wrestling / Video Reviews

YouTubular: Phantasio

March 5, 2011 | Posted by Leonard Hayhurst
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YouTubular: Phantasio  

Lately for YouTubular we’ve been looking at the hard working, utility man, day in and day out jobber. The ham and eggers as Bobby Heenan would call them. This has ignored another focus of the column, lame short-lived gimmicks. To get back to that we look at one of the most notorious one-hit wonders in WWE history.

Phantasio only had one televised match, but it’s a name that will live in infamy like Gengis Khan, Typhoid Mary or Carrot Top. According to Wikipedia, Phantasio was played by Harry Del Rios, 37, who is also known as the similar character Spellbinder.

Del Rios debuted for the USWA in 1993 and wrestled in WWE as Phantasio in 1995. Del Rios has been a staple of the Memphis wrestling scene and had some success in regional promotions in the later nineties. He was one half of the NWA North American Tag Team champions with Brian Christopher and was heavyweight champion for the XWF, USWA and PPW, plus the Southern Heavyweight Champion for Memphis Wrestling. He wrestled as Del Rios on TNA’s first broadcast in 2002. In 2003 he was Shock to Ian Harrison’s Awe in a tag team.

Phantasio vs. Tony DeVito
Video Length: 5:57


The version of the match appeared on WWE OnDemand as part of a Halloween special. The match is introduced by Mickie James dressed as a French maid. You’re welcome. She’s a big fan of the French, such as their kissing and fries. The match itself is from July 16, 1995, as aired on “Wrestling Challenge.” Gorilla Monsoon and Jim Ross are on commentary. Listening to them trying to get the character over while you just know they think it’s ridiculous testifies to their talent and professionalism.

Phantasio looks like Papa Shango’s third cousin. He turns a candle into a walking stick as he enters. He then blows smoke out of his hat, better than coming from somewhere else. Phantasio takes off his mask to reveal similar face paint underneath. He then pulls a long ribbon of silver foil out of his mouth, better than coming from somewhere else. The crowd is booing him already. Phantasio leaves the ring and gives the mask and string to a child at ringside. The kid wears the mask. Dude, that stuff was in his mouth. Monsoon makes sure to mention that DeVito is no relation to Danny DeVito, but Ross says he does resemble Rhea Perlman.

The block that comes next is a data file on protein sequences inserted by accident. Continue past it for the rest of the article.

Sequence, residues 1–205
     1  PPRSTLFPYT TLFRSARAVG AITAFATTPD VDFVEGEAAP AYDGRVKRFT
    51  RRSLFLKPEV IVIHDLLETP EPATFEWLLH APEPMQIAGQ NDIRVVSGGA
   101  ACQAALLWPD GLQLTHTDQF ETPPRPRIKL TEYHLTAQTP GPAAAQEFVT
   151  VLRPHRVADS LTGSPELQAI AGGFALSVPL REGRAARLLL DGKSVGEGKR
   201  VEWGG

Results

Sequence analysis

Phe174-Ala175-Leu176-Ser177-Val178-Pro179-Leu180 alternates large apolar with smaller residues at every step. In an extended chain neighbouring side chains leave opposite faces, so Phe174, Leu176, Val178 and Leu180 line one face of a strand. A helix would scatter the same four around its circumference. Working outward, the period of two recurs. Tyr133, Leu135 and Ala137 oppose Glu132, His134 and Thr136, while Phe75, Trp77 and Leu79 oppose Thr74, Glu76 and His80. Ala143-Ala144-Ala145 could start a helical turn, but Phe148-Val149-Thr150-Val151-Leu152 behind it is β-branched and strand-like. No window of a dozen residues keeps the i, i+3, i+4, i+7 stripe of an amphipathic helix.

They lock up to start. Phantasio throws DeVito off and poses. They lock up again. DeVito shoves out of a headlock and Phantasio comes off the ropes with a shoulderblock. DeVito misses a clothesline. Phantasio pulls up short, turns and fires out some sort of webbing. They go back to the ropes and Phantasio scores a hip toss. He hits a couple arm drags and DeVito goes to the floor. Back in the ring, they trade off on a wristlock. DeVito takes over, but misses a couple clotheslines and eats a flying shoulderblock. Phantasio hits two body slams and an atomic drop. He then reaches into DeVito’s trunks and removes a pair of underwear. This leads to a schoolboy rollup for the win. Yes, his finisher was basically a super-wedgie. I would LOVE to have seen Phantasio wrestle the Undertaker and try some of this junk. He would have needed a real undertaker after that bout. Phantasio then goes into referee Earl Hebner’s pants and removes a black and white striped pair of boxers. God love Hebner and DeVito for selling everything. DUD. Phantasio himself wasn’t bad, but the match was a bit too slowly paced and all the gimmicks were ridiculous and distracting.

Spellbinder vs. Brian Christopher
Video Length: 6:11


This is from the USWA in 1997. Spellbinder looks a bit more jacked up than he does in the above video, but at least he cutback on the makeup. Spellbinder is billed as being part of the Nation of Domination. Christopher is the USWA Heavyweight Champion. Christopher is the son of Jerry Lawler and was known as Grand Master Sexay in WWE.

Spellbinder grabs the microphone before the match and says he’s going to pay Christopher back for what he did to his arm. Christopher says he’s been waiting a long time too, to shove his fist down his throat. Christopher attacks Spellbinder before the bell. Christopher hits a dropkick and Spellbinder bails to the floor. Christopher follows and introduces Spellbinder to the ring post. Christopher hits a pildedriver on the concrete, because the promotion is too cheap to afford floor mats. There’s no guardrail either. Christopher rolls Spellbinder back into the ring and heads up top. He tries a double axe handle, but Spellbinder nails him in the gut.

Spellbinder hits a nice press slam. He chokes Christopher out on the mat. Christopher rolls to the apron and Spellbinder hangs him out to dry. Spellbinder works Brian over in the corner and follows with a body slam. He follows with a somersault splash, but misses a second try at it. Christopher wins a slug fest and scores the mounted punches in the corner. Christopher hits a body slam and signals for the superkick. Bloody Ox Brody then runs out with a chain. The heels choke Christopher out until some mullet wearing faces make the save. Brody then goes to announcer Lance Russell and announces his plans to end Christopher’s career. Brody was Cousin Junior in WWE and replacement Moondog, Cujo. The match actually cooked with Christopher on offense, but the non-finish was a bit underwhelming. Maybe it worked within the framework of the overall storyline, hard to say without knowing all the background. ¼*

Spellbinder vs. Kevin White’s Agent
Video Length: 1:26


This is from Memphis Wrestling in June 2007. Again, I don’t know all the background, so what’s going on is a bit lacking. Apparently Spellbinder has some beef with Kevin White and in lieu of facing him, Spellbinder is facing one of White’s sports agents. The agent charges at the bell, but eats a couple clotheslines. Spellbinder whips him into the corner and pummels him. Spellbinder hits a hip toss. A second agent runs in and attacks Spellbinder from behind. That leads to a disqualification. Spellbinder uses the dreaded webbing blast to avoid the double team beat down. Obviously this was for the purpose of story line advancement only. DUD.